In almost every College Council or Senate meeting, someone proposes
a friendly amendment to motion being debated. Presumably the
goal of the amendment-proposing person in indicating their
friendliness, is to show their support for the proposition as a whole,
and their desire to seek the approval of the original mover.
How do you deal with a friendly amendment?
On occasion, while a motion is being debated, someone will get up and
offer what he or she terms a friendly amendment to the motion, the
maker of the original motion will accept the amendment, and the chair
will treat the motion as amended. This is wrong. Once a motion has
been stated by the chair, it is no longer the property of the mover, but
of the assembly. Any amendment, friendly or otherwise, must be
adopted by the full body, either by a vote or by unanimous consent.
If it appears to the chair that an amendment (or any other
motion) is uncontroversial, it is proper for the chair to ask if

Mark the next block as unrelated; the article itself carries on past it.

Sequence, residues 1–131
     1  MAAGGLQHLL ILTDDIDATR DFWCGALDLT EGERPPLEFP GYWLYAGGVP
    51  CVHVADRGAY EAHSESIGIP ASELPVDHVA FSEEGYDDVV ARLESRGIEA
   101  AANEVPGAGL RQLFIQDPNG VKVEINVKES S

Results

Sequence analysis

there is "any objection" to adopting the amendment. If no
objection is made, the chair may declare the amendment adopted.
If even one member objects, however, the amendment is subject to
debate and vote like any other, regardless of whether its
proposer calls it "friendly" and regardless of whether the maker
of the original motion endorses its adoption.
[return to David’s material] Here is sample language:
Is there any objection to adopting the proposed amendment? …
There being no objection, the question now before [the assembly] is
[statement of the amended motion].
If someone does object
There being an objection to adopting the proposed amendment, we cannot
proceed by unanimous consent. Is there a motion to amend?
The chair then giving some preference to the original proposer of
the friendly amendment. If a motion is forthcoming, it then
acquires a seconder, and is stated by the chair as normal.